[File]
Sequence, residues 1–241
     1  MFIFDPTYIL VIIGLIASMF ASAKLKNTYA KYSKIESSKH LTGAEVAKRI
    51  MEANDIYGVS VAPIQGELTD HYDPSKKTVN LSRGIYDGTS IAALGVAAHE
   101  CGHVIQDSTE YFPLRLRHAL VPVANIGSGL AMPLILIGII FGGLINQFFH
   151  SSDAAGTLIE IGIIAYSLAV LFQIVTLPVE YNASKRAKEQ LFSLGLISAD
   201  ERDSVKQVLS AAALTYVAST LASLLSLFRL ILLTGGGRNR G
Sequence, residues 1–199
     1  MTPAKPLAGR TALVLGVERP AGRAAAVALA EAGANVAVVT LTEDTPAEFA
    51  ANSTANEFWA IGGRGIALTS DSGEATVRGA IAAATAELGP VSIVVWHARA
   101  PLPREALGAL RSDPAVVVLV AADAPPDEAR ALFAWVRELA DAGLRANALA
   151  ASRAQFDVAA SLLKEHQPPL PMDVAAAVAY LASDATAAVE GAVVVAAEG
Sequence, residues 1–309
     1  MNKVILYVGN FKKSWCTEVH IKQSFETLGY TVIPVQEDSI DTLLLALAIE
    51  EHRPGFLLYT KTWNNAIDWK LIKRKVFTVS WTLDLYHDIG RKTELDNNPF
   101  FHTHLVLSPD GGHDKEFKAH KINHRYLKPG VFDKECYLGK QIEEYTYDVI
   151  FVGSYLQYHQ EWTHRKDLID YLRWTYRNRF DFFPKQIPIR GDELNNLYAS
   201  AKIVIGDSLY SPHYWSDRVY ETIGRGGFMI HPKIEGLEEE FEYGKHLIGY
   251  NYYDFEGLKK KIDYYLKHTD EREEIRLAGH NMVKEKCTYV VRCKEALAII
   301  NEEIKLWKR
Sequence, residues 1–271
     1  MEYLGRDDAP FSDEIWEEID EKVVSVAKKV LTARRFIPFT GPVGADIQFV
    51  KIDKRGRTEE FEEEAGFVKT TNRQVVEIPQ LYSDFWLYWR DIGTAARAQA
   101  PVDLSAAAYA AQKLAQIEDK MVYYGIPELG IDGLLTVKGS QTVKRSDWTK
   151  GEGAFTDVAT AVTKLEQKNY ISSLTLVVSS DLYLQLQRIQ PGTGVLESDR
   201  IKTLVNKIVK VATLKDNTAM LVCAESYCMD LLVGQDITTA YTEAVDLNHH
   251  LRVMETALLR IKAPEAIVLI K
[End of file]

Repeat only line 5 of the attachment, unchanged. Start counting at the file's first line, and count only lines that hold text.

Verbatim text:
   151  SSDAAGTLIE IGIIAYSLAV LFQIVTLPVE YNASKRAKEQ LFSLGLISAD